Chakraborty et. al. (2006). “Microfiber refining energy use,” BioResources 2(2), 210-222. 218
It is worth mentioning that Kick’s and Bond’s theory are more appropriate with
larger particles, while Rittinger’s law is applied to fine grinding (Holdich 2002) as in PFI
mill used in this study.
Rationale for Using Rittinger’s Law to Characterize Microfibre Generation
from Fibres
The energy imparted to the fibres during refining produces both elastic
deformation and plastic deformation before breakage. However, the experiments on hemp
discussed previously revealed that the energy for elastic deformation was negligible, and
BKP fibre fracture occurs primarily by the decomposition of molecular bond forces
(thereby creating new surfaces) in the plastic zone. Therefore, Rittinger’s Law
characterizes the process under investigation quite well. This is also substantiated by a
study by Wisconsin (1957) who demonstrated experimentally that Rittinger’s Law holds
almost perfectly for ball mill beating of pulp.
The average initial diameter of each fibre of the starting material (BKP) is
assumed to be 13 µm, as noted earlier. The refining action generated microfibres 1.3 µm
in diameter. Hence, the energy used in refining reduced the size of the fibres from 13 µm
to 1.3 µm.
Energy Consumed by Fibres according to Rittinger’s Law
We consider a fibre of length l, m. For a fibre of diameter d, A1 in equation (1)
has a value of [(πdl)/(πd2l/4)] = 4/d = 4/(13×10-6) m-1 = 3.1X105 m-1. Similarly, A2 =
4/(1.3×10-6) m-1 = 3.1×106 m-1.
Putting these values of A1 and A2 in equation (1) gives the specific energy to
generate microfibres of 1.3 µm diameter from fibres 13 µm in diameter as
E = C (3.1×106 – 3.1×105) = 27.9×105 C, J/kg (2)
For the present work, the energy expressed in equation (2) is provided by a PFI
mill. The charge in a PFI mill in this case consists of 24 g of fibres. Thus, for a charge of
24 g of fibres, equation (2) can be written as
= 27.9X105 C × (24/1000), J = 66960 C, J (3)
is the energy required for microfibre production for a sample size of 24 g of
Energy Consumed by Fibres in Refining
The operations of a PFI mill have been previously described by various
researchers, but theoretical modeling relating the product properties to the operating
parameters have been scarce. The most relevant studies in this direction have been
Chakraborty et. al. (2006). “Microfiber refining energy use,” BioResources 2(2), 210-222. 219
performed by Kerekes and coworkers (reference?). The specific energy (E) on pulp in a
PFI mill is expressed as
E = N I (4)
where N = number of bar impacts per unit mass of fibres, and I is the energy/impact, also
called refining intensity (Welch and Kerekes, 1994)
. Welch and Kerekes (1994) deduced that the specific energy consumption in PFI
refining of bleached softwood kraft pulp lies within the range of 0.59 to 0.68 J/g.rev. In
accordance with the approximate average value adopted by Kerekes (2001), a value of
0.63 J/g.rev was assumed in the present case.
For a 24 g charge of BKP, and a number of revolutions = Nr, this gives the value
of the total energy consumed as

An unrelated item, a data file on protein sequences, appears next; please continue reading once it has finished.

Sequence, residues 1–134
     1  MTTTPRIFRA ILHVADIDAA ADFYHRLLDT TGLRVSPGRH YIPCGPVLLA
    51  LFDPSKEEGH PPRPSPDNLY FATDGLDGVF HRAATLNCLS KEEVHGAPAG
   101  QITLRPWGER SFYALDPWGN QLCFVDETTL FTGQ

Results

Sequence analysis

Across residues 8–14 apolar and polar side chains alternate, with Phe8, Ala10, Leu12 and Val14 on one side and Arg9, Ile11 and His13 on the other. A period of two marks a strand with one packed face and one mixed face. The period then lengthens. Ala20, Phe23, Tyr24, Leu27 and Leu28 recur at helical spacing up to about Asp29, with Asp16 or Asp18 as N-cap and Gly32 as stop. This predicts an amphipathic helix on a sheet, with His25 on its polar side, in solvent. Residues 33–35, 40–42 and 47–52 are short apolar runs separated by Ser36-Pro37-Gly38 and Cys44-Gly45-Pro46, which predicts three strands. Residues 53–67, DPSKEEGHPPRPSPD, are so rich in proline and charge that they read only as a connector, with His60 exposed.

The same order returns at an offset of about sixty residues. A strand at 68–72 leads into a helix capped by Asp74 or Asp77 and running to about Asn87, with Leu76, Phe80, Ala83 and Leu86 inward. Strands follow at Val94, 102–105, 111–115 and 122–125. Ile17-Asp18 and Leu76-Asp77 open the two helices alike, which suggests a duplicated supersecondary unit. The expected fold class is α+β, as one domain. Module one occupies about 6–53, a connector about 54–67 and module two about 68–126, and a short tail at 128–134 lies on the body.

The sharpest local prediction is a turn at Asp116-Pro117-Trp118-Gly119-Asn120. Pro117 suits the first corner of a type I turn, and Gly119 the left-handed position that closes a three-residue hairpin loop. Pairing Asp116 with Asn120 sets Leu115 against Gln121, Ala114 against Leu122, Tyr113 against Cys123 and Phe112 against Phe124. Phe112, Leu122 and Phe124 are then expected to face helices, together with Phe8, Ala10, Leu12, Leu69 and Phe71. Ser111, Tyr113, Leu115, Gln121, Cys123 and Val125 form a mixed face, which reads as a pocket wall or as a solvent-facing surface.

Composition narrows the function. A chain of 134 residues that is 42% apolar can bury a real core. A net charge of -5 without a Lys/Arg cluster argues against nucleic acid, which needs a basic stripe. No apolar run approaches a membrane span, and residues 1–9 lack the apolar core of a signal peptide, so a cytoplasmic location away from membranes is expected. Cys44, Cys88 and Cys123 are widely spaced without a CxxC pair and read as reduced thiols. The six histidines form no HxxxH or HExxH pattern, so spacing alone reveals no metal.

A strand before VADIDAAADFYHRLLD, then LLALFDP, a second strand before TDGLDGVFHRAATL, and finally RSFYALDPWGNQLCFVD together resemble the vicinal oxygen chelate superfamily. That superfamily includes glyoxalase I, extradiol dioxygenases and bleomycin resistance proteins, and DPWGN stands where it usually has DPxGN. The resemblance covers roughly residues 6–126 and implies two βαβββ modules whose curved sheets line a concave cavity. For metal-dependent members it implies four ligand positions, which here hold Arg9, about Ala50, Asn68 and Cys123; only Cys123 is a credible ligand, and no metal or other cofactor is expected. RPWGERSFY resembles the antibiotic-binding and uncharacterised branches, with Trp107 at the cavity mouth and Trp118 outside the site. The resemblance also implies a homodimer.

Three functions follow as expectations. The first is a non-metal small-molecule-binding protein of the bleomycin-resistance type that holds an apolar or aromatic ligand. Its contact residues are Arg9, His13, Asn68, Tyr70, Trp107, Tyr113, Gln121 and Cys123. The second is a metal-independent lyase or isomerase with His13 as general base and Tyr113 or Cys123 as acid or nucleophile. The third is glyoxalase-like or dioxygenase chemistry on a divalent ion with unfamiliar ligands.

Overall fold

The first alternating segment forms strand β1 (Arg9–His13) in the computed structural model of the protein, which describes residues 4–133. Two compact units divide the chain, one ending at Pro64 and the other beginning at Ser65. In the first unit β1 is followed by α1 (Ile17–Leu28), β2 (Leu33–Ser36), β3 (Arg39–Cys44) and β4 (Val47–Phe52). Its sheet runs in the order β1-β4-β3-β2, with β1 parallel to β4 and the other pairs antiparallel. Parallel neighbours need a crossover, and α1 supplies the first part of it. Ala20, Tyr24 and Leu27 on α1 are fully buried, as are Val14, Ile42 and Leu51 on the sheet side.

= 0.63 J/g.rev × 24 g × Nr rev., i.e,
= 15 Nr, J (5)
Equating Refining Energy to Energy Consumed by Fibres According to
Rittinger’s Law
Equating equations (3) and (5) gives
66960 C = 15 Nr (6)
i.e., Nr = 4464 C (7)
Hence, with the knowledge of the value of Rittinger’s constant C, the number of
PFI revolutions to generate microfibres 1 µm in diameter can be estimated.
Net Energy Required for Microfibre Generation and Rittinger’s Constant
Considering 125,000 as the number of revolutions for generating fibres in the
range of 1.3 µm in diameter, equation (5) shows that 1875 kJ of energy is needed by a 24
g batch in a PFI mill to reduce the fibre diameter from 13 µm to 1.3 µm.
Putting 125,000 as the number of revolutions in equation (7) gives a value of 28
J.m/kg for the Rittinger’s constant.
Energy Required to Generate Microfibres 1 µm in Diameter
Knowledge of the value of the Rittinger’s constant for a given material makes it
possible to deduce the energy required to reduce its diameter from any initial diameter to
any final diameter. Therefore, if microfibres 1 µm in diameter are to be generated by
refining alone, the energy consumed in the process can be calculated by putting 1 µm as
the final diameter. This gives a value of A2 (i.e., 4/diameter) as 4/1×10-6 = 4×106.
Therefore equation (1) gives
E = C (4X106 – 3.1X105) = 28 (J.m/kg) X 36.9X105 m-1 = 103.3 MJ/kg (8)
Chakraborty et. al. (2006). “Microfiber refining energy use,” BioResources 2(2), 210-222. 220
Hence, if microfibres 1 µm in diameter are generated solely by refining in a PFI
mill, each 24 g charge would consume an energy of about 2480 kJ.
The number of revolutions needed for microfibre generation in a PFI mill may be
calculated by putting the value of the energy per 24 g charge (
) = 2480 X 103 J in
equation (5)
2480 X 103 = 15 Nr i.e., Nr = 165333 (9)
Therefore, each 24 g of pulp charged in a PFI mill should be rotated for 165,333
revolutions to generate microfibres 1 µm in diameter starting with fibres 13 µm in
It should be recognized that the value of 103.3 MJ/kg obtained in equation (8)